Jennifer Arce was tired of what she calls “dead-end jobs. I needed a career with stability, benefits and retirement — I didn’t have that with my other jobs,” Arce said. “I was at a dinner with a friend who told me about two women who were working a union construction job with 1,000 workers. There were the only two women. And they were good at what they did. It piqued my interest.”
So, 10 years ago, at age 43, the San Diego native joined Union Ironworkers 229 in San Diego to begin a new career in construction.
That move has paid off, literally.
During her career, Arce has worked on several large-scale solar projects, helped build wind turbines and the San Diego Trolley’s extension from Old Town to University Town Center.
“I’m so passionate about what the building trades have to offer,” she said.
Now 53, not only has Arce been working in the construction field as an ironworker with better benefits and a solid retirement plan, the job also has allowed her to explore other opportunities, such as taking journey-level upgrade classes.
Through her union membership, Arce also earned certifications that allowed her to pursue a job in education. She is also an instructor at Southwestern College, which just graduated its first group of cohorts that were part of a High Road Construction Apprenticeship Readiness Program (ARP).
On May 31, 10 students looking for careers in the construction industry graduated from the program that Arce and Jon Gosen lead at the school. The classes meet three times a week, two four-hour night classes and a full-day Saturday class for three months.
Maria Ramirez was one of the graduates from the program. A 43-year-old single mother of three, Ramirez said she initially enrolled in the program to get a forklift certificate.
The program description didn’t specifically mention a forklift, but she understood it would offer learning opportunities such as introduction to construction trades and certificates in safety training.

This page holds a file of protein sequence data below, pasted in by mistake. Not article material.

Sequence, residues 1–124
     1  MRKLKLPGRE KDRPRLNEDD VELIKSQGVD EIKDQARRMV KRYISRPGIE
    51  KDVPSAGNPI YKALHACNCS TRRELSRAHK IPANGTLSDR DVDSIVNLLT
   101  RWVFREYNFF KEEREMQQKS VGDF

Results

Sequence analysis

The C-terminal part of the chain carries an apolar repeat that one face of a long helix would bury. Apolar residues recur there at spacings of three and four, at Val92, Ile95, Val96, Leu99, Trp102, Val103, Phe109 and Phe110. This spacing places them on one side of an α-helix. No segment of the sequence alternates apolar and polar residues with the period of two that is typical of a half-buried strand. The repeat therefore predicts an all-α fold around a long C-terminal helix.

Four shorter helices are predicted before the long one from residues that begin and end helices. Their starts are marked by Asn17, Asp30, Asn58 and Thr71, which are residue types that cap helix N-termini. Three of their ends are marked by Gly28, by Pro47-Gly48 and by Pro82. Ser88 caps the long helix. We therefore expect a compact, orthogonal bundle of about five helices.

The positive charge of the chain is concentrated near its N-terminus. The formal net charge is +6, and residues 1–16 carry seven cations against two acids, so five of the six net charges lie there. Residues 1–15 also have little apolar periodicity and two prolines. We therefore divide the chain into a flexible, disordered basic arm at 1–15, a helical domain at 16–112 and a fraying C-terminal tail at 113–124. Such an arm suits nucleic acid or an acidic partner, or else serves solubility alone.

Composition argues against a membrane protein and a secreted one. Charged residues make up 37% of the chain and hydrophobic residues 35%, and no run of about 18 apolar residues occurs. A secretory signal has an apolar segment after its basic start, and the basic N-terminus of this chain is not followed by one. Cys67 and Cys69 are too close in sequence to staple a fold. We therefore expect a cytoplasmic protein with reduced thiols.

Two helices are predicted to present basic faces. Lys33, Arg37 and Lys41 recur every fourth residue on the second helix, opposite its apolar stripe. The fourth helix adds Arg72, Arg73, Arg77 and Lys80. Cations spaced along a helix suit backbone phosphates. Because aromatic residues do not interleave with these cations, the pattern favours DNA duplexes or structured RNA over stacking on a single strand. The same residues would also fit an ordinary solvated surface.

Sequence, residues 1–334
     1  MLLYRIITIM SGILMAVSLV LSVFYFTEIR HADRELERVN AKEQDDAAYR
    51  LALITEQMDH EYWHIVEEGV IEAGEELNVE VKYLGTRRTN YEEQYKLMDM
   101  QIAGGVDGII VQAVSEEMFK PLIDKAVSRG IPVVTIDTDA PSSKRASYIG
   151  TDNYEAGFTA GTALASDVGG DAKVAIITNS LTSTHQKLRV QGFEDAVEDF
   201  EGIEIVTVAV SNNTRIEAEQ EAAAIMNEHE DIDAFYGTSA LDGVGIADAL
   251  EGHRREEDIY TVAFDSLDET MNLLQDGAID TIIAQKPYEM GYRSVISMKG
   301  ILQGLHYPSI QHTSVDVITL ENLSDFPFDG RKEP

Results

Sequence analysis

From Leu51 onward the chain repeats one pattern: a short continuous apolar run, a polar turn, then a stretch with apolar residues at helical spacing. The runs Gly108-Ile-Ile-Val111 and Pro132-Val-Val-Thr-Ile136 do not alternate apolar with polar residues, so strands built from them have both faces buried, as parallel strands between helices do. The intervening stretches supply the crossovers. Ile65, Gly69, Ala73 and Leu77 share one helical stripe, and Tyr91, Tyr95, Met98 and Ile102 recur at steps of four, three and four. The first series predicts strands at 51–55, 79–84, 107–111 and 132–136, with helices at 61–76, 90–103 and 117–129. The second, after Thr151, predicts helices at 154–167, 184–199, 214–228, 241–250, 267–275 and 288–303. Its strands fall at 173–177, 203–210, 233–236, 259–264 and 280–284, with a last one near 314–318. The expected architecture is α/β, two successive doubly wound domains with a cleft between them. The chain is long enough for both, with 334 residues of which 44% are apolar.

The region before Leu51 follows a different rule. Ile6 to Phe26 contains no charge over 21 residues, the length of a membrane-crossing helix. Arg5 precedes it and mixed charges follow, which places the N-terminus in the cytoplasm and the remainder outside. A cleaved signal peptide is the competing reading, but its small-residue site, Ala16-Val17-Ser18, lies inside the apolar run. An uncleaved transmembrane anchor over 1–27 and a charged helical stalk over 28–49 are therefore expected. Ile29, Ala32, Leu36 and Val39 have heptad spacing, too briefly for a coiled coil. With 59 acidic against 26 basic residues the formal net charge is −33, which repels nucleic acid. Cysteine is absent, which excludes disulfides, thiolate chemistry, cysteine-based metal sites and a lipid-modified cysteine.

“I came out of the program with a new perspective on trades in construction,” she said.
The pilot program at SWC began as partnership with the San Diego County Building & Construction Trades Council (SDCBCTC) and San Diego Workforce Partnership to address a growing need for more minorities, women, military veterans and other underrepresented communities to get in those fields.
According to the SDBCTC, more than 10,000 skilled workers are needed in coming years to meet the demand of construction projects in San Diego County.
Tracy Eckard, director of energy, construction and utilities at SDWP, said It has long been the SDWP’s intention to collaborate with Southwestern on the ARP.
“In fact, Southwestern has been waiting patiently for us to come up with the funding to launch the first of what we hope are many cohorts,” Eckard said. “Also, very plainly speaking, if we want more equitable representation in the program and industry-wide, we need to meet individuals where they are and offer programs in diverse communities.”
The MC3 program prepares participants for acceptance into state registered construction apprenticeship programs, exposing them to the construction industry and a wide range of trades.
“This exposure is invaluable as it familiarizes those considering a career in construction with lesser-known trades such as cement masons, glaziers, roofers and ironworkers, alongside well-known ones such as electricians, plumbers and carpenters,” said SDCBCTC spokesperson Ansermio Jake Estrada.
Southwestern’s 12-week program joined the San Diego Community College District’s San Diego College of Continuing Education (SDCCE) in the effort; the SDCCCE just recently graduated its 10th cohort.
Together, the programs have successfully placed 97% of graduates into construction careers, including local union apprenticeships.